Well, we do have a lot of numbers and whatnot. Some of the Plextor's specs are rather noteworthy and do deserve some discussion. Among them is the UW interface, the Plextor 40X/17X is the only ultra-wide CD-ROM drive on the market. That doesn't mean much for us in the gaming community, but it is a nice feature for those in the server/business community.
The UW compatibility allows for only high-speed connections to the SCSI bus. While every other SCSI CD-ROM available lies in the sub 20 MB/s transfer range, the Plextor UW is in the 40 MB/s range. When I initially purchased this drive I shelled out the extra 20 dollars for the UW interface. I could just as easily have saved that little amount as my SCSI card has the standard 50-pin connector as well as the 68-pin UW connector. If you already have a SCSI card that does not support the UW interface you should go for the non-UW version. There's no need to buy an extra SCSI card just for a CD-ROM, and it is doubtful that the performance increase is worth the cost of an UW SCSI card.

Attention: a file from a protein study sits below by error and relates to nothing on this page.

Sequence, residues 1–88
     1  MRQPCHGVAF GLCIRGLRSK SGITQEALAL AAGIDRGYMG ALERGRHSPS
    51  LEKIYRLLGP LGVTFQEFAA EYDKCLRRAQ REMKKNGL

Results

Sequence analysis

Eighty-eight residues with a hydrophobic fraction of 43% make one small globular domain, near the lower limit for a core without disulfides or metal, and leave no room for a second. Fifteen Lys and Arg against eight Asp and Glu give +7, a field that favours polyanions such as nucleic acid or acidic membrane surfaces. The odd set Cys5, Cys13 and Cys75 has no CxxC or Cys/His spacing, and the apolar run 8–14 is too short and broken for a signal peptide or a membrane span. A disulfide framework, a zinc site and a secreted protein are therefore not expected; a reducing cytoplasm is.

Good DAE Days
In my experience with CD-ROM drives, I have found it hard to find a CD-ROM with specs that met my particular needs. One of the key features I look for is audio extraction. For me, digital audio extraction is the greatest deciding factor; I like my music. This desire for DAE pretty much led me to Plextor -the only company advertising great performance in this area.
One of the key features of this drive is the 24X max D.A.E. (Digital Audio Extraction. To those who spend a lot of time ripping audio from CDs, this drive is god sent. Most drives have some difficulty extracting audio from CDs. My last drive, a Teac 32X IDE, extracted audio at a pitiful 4X and my long gone Mitsumi 8X was not able to extract audio at all.
The Plextor drive extracts audio rather quickly, with no noticeable degradation in quality. This drive is good if you want to make "backups" of "your" audio CDs or if you just want to make mixed audio CDs. The Plextor drive has excellent DAE, but I also needed a drive that wouldn't tax my system while I performed this task. As I would still like to do whatever it is I normally do while extracting audio. When I had my old 32X CD-ROM in my system, I would tiptoe around my computer while extracting audio, trying to sneak in a click whenever I could just to use the darned thing. SCSI devices have low CPU overhead, so I decided to splurge for the SCSI version. Other than the gaping hole in my pocket, it hasn't been too bad, beans and toast are pretty good I tellz ya. Especially pork and beans.